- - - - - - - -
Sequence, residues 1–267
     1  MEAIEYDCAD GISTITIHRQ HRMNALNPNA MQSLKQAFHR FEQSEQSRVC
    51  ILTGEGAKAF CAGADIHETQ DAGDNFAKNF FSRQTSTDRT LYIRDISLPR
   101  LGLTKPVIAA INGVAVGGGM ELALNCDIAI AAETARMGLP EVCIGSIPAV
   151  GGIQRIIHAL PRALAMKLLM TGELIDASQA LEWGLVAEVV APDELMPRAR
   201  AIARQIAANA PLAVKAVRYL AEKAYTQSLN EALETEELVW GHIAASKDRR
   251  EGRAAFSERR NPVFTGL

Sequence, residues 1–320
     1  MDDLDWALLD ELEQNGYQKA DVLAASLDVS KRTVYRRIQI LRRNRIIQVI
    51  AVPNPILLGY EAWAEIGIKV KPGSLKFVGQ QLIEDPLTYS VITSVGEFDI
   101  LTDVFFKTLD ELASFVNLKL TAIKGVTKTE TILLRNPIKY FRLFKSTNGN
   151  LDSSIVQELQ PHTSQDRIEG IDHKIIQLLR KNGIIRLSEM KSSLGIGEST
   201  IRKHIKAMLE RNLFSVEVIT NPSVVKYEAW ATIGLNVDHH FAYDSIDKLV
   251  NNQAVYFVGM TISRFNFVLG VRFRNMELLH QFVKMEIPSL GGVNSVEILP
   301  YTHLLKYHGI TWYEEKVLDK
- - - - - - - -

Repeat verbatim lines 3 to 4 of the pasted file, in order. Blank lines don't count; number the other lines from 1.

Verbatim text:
    51  ILTGEGAKAF CAGADIHETQ DAGDNFAKNF FSRQTSTDRT LYIRDISLPR
   101  LGLTKPVIAA INGVAVGGGM ELALNCDIAI AAETARMGLP EVCIGSIPAV